by Cathy Draven
The Beatles were 'in'. Every lunch time their songs rang out from the shining, silver jukebox and carried as far as the odour of the cafe's chips and lavender. We sat in the corner leaning on formica topped tables, our drab, grey uniform disguised under macs topped with vivid, multicoloured scarves. The latter were artfully draped to be the first thing anyone noticed, thus hiding our schoolgirl identity.
The windows of the cafe were carefully guarded by rolls of frilled net curtains and garish plastic flowers, but the appetising odour of fish and chipe travelled streets away as the fan blasted out the warm air from the kitchen. Strangely the odour of lavender seemed to hang a few feet from the ground outside the window as if the purple block air freshners were heavily laden so their scent couldn't rise to its correct level. I am sure the many wandering dogs from the rows of terraced houses nearby, appreciated the odour more than we did.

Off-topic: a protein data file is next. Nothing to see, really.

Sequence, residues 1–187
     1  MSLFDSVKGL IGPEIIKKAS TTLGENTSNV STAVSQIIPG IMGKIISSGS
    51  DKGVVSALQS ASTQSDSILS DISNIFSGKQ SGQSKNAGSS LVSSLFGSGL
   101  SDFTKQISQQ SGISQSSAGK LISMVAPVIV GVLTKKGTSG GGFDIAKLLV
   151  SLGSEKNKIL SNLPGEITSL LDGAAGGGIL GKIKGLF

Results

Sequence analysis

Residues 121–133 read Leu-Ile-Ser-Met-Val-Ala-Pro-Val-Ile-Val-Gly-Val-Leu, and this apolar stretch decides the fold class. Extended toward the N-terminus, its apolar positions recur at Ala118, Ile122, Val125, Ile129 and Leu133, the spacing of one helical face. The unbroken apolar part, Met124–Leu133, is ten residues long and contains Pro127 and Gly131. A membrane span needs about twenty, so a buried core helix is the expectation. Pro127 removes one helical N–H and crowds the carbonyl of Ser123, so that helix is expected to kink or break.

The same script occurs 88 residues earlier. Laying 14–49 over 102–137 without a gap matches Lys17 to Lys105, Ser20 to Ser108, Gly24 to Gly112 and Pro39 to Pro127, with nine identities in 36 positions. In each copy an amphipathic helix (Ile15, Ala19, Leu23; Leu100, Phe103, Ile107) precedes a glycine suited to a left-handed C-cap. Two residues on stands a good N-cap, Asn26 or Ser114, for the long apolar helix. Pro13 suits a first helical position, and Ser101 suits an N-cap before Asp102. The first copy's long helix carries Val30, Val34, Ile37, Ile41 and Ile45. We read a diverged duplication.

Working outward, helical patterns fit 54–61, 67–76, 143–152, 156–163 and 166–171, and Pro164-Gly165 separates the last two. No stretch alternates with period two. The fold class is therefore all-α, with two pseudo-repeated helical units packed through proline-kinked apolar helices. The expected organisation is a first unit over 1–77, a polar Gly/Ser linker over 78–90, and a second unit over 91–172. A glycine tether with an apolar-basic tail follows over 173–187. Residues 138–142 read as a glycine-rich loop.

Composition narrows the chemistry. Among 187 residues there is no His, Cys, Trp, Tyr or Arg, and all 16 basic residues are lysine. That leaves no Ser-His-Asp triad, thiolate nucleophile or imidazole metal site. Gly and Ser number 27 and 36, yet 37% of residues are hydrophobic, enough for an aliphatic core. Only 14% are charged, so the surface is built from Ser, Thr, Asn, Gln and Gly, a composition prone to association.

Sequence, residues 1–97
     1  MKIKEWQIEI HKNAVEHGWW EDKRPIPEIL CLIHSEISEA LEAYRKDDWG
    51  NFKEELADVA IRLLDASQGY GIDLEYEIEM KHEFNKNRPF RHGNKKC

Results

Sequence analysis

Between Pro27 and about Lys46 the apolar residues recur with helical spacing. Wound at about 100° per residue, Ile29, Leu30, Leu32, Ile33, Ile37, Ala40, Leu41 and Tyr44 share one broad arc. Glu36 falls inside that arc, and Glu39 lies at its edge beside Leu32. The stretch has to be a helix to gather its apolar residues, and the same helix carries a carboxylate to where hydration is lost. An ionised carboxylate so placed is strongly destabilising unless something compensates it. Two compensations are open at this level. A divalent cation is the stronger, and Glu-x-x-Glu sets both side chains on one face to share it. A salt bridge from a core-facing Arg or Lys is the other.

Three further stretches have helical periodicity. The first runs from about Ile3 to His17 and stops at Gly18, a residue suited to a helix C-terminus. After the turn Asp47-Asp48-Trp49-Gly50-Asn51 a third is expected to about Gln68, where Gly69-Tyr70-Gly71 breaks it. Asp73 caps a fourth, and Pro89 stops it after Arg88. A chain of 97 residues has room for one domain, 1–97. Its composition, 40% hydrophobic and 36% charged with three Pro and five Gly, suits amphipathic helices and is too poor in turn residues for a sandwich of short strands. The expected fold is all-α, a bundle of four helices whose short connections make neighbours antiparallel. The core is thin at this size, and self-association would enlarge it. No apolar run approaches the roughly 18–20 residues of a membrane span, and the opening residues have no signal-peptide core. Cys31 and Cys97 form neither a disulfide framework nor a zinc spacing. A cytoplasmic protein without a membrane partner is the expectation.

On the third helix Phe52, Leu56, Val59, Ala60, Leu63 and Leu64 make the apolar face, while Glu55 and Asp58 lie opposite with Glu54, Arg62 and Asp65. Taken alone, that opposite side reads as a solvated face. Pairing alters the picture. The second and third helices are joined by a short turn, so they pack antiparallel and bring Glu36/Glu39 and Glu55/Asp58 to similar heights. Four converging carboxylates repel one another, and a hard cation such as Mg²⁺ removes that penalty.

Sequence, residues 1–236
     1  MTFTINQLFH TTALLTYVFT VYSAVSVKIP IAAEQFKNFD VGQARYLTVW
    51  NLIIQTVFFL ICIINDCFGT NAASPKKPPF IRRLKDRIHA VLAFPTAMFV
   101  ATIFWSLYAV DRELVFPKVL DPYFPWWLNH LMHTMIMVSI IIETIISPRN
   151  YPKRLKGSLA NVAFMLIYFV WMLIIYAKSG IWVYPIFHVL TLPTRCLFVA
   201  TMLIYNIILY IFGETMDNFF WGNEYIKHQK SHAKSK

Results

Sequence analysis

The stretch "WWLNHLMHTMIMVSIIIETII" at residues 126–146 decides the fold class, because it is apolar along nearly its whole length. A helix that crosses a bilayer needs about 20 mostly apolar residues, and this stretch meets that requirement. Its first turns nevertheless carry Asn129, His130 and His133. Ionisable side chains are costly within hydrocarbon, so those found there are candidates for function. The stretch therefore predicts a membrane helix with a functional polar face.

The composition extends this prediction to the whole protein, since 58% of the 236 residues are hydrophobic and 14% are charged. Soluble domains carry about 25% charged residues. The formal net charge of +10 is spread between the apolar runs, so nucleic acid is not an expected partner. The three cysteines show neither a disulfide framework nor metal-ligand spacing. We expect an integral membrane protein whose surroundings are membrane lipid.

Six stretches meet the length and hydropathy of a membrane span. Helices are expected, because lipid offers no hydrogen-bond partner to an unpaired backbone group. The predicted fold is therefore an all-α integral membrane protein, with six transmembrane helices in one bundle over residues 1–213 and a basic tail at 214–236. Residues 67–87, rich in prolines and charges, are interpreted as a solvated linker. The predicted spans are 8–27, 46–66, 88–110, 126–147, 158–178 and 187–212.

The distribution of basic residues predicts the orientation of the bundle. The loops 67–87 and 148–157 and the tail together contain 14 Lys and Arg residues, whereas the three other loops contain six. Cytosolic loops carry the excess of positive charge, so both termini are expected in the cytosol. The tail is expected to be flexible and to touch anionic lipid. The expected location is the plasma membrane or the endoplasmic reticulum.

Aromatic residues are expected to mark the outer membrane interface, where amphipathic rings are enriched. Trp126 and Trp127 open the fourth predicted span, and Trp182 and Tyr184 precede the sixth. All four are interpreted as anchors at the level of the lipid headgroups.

At the time the small cafe seemed a mecca of music and escape from school with the added frisson of the danger of discovery as two of the group smoked forboidden cigarettes. The coils of smoke, only one girl had learned to inhale, mingled with the lavender inside the cafe as there at least, it rose to the ceiling.
We conversed hungrily, inhaling the odours and watching the blues and violets of the air against the cream ceiling, until the chips arrived with the unforgettable clang of thick pottery on thin tables. We ate, we listened, accepted the perfumes and we remembered.